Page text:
• Use student loans to your advantage. Students and families who need to take out student loans to pay for college should also shop around to find ones that fit their needs. While general advice favors federal student loans for benefits like forgiveness and flexible repayment options, private loans can be advantageous for folks with good credit history or who don’t qualify for federal loans. “Unlike one-size-fits-all federal loans, private loans are also credit-based, making them a potential money-saver for creditworthy borrowers and their cosigners,” Pentis says. “Just be sure that lower private loan APR is worth yielding all those awesome, government-exclusive safeguards that are specific to federal loans.”
  • Don’t be afraid to negotiate. Your student loan rates might be pretty nonnegotiable, especially if they’re federally regulated. But your financial aid package can change if you demonstrate greater need, or simply ask for more. If you receive a financial aid award letter and still owe more than you can afford, it may be worth it to appeal.

Full list: The most and least expensive colleges in each state

Note: The median debt listed for each school refers to the amount students have in loans upon graduating. Median earnings consider annual salaries of employed students 10 years after enrollment.

The District of Columbia and Wyoming have the same schools listed as both the most and least expensive public college due to fewer institutions meeting criteria or providing data. The same is the case for private colleges in Arizona, Delaware, Montana and North Dakota. Lastly, Alaska, New Mexico, Nevada and Wyoming were excluded from the private school listings for not having qualifying institutions.

Alabama

Least expensive public school: Alabama State University (Montgomery)

    • Net price: $13,650
    • Median debt: $32,000
    • Median earnings: $27,700
    • Enrollment: 3,750
  • Least expensive private school: Miles College (Fairfield)
    • Net price: $14,303
    • Median debt: $30,444
    • Median earnings: $26,500
    • Enrollment: 1,452
  • Most expensive public school: Auburn University
    • Net price: $24,104
    • Median debt: $21,281
    • Median earnings: $48,800
    • Enrollment: 24,209
  • Most expensive private school: Tuskegee University
    • Net price: $34,575
    • Median debt: $29,090
    • Median earnings: $35,500
    • Enrollment: 2,394

Alaska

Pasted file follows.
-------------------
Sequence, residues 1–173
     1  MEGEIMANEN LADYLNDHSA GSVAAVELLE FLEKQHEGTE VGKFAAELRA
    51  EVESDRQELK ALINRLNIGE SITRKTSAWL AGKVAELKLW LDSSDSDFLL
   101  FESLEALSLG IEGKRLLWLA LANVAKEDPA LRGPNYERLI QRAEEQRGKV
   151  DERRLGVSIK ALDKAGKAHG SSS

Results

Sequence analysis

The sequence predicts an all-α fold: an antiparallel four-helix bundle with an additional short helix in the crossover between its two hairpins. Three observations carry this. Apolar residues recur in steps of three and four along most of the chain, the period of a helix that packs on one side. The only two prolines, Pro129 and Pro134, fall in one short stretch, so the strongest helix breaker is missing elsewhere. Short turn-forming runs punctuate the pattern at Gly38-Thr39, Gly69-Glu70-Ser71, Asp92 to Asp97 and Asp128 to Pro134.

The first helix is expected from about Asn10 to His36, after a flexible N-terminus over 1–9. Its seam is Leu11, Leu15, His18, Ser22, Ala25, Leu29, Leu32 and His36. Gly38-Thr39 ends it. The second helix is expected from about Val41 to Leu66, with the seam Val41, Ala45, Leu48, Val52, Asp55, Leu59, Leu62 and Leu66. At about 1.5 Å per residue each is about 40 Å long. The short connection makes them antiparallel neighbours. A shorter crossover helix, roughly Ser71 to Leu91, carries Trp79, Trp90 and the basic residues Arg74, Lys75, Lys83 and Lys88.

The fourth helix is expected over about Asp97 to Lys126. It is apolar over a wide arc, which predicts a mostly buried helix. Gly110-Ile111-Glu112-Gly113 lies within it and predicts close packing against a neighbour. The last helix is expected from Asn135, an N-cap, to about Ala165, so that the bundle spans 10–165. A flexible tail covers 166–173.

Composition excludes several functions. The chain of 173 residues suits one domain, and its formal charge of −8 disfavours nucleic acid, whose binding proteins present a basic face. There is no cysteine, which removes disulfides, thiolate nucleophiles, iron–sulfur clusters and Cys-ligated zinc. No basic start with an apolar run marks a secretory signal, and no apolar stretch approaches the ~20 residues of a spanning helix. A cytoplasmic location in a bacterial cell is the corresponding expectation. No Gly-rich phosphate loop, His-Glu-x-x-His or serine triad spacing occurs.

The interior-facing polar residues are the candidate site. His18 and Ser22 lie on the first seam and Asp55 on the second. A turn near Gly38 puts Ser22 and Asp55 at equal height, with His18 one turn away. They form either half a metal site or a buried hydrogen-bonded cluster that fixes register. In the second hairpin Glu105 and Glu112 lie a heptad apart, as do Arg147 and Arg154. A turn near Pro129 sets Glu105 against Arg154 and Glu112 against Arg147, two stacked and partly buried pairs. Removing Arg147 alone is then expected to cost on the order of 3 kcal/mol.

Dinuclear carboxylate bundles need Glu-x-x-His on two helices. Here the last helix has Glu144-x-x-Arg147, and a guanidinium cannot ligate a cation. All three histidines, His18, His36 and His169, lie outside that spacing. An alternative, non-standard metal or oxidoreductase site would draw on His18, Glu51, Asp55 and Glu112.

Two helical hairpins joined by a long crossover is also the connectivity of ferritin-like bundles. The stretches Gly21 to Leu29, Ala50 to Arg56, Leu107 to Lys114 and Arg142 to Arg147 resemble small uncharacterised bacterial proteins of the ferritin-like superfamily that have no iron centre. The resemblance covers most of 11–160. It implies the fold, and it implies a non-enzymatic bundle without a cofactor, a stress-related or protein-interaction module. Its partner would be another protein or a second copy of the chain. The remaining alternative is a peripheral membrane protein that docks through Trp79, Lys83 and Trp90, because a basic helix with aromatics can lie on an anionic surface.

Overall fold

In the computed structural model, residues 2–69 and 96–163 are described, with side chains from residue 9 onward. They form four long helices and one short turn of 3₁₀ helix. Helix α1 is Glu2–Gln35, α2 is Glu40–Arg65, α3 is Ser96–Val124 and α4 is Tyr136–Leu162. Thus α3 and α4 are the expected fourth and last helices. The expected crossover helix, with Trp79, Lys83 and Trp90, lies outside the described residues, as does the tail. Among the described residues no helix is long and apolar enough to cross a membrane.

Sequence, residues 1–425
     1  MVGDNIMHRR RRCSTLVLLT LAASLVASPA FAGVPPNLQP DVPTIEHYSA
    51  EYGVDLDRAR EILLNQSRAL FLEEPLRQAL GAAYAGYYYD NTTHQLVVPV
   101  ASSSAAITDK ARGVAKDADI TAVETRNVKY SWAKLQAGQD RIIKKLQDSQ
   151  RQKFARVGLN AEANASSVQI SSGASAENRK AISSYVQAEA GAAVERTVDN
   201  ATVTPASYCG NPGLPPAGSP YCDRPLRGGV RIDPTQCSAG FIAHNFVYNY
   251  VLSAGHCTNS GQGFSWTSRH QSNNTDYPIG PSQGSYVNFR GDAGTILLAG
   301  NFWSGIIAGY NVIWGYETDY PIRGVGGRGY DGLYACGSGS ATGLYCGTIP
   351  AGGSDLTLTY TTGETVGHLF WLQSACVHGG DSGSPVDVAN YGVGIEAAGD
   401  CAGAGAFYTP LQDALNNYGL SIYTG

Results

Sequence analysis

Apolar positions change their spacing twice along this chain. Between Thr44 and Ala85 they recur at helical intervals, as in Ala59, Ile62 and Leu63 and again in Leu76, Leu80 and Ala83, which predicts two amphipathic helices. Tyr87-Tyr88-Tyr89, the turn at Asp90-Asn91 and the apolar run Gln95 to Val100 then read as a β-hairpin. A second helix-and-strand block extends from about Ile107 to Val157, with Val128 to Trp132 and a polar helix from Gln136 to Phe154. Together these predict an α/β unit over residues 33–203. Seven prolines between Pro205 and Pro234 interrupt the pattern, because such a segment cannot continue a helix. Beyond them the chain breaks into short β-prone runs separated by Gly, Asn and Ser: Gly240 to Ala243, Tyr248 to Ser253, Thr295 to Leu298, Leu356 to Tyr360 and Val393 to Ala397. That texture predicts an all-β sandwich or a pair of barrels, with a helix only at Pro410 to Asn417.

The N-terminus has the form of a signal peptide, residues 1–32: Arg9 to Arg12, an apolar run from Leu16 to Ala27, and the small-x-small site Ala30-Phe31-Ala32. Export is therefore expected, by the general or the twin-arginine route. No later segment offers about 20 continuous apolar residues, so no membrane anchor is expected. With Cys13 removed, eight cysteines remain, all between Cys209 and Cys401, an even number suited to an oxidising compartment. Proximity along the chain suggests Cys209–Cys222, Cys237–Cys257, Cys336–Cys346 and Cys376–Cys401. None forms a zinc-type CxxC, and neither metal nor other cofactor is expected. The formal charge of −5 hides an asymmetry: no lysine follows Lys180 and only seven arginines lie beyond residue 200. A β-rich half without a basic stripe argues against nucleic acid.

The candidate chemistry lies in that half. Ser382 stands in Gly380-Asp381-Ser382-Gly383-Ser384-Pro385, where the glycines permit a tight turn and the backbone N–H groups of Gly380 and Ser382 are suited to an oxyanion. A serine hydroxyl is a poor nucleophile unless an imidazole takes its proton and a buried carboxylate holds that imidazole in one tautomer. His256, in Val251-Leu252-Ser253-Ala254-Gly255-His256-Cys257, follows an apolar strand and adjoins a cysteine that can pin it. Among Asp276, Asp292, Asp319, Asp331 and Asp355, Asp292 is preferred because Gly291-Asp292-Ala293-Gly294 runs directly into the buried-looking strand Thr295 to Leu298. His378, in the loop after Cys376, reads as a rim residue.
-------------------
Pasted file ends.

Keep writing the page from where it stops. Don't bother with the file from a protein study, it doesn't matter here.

• Least expensive public school: University of Alaska Fairbanks
    • Net price: $10,333
    • Median debt: $19,500
    • Median earnings: $38,700
    • Enrollment: 4,410
  • Least expensive private school: N/A
  • Most expensive public school: University of Alaska Anchorage
    • Net price: $12,995
    • Median debt: $20,500
    • Median earnings: $45,400
    • Enrollment: 9,257
  • Most expensive private school: N/A

Arizona

  • Least expensive public school: Arizona State University West campus (Glendale)
    • Net price: $8,101
    • Median debt: $20,278
    • Median earnings: $47,700
    • Enrollment: 4,540
  • Least expensive private school: Embry-Riddle Aeronautical University-Prescott
    • Net price: $35,396
    • Median debt: $24,996
    • Median earnings: $66,200
    • Enrollment: 2,885
  • Most expensive public school: University of Arizona (Tucson)
    • Net price: $15,016
    • Median debt: $20,171
    • Median earnings: $47,300
    • Enrollment: 33,715
  • Most expensive private school: Embry-Riddle Aeronautical University-Prescott

Arkansas

  • Least expensive public school: University of Arkansas-Fort Smith
    • Net price: $9,637
    • Median debt: $17,550
    • Median earnings: $31,000
    • Enrollment: 4,883
  • Least expensive private school: Hendrix College (Conway)
    • Net price: $19,295
    • Median debt: $27,000
    • Median earnings: $39,700
    • Enrollment: 1,104
  • Most expensive public school: University of Arkansas (Fayetteville)
    • Net price: $16,381
    • Median debt: $21,500
    • Median earnings: $44,900
    • Enrollment: 22,766
  • Most expensive private school: John Brown University (Siloam Springs)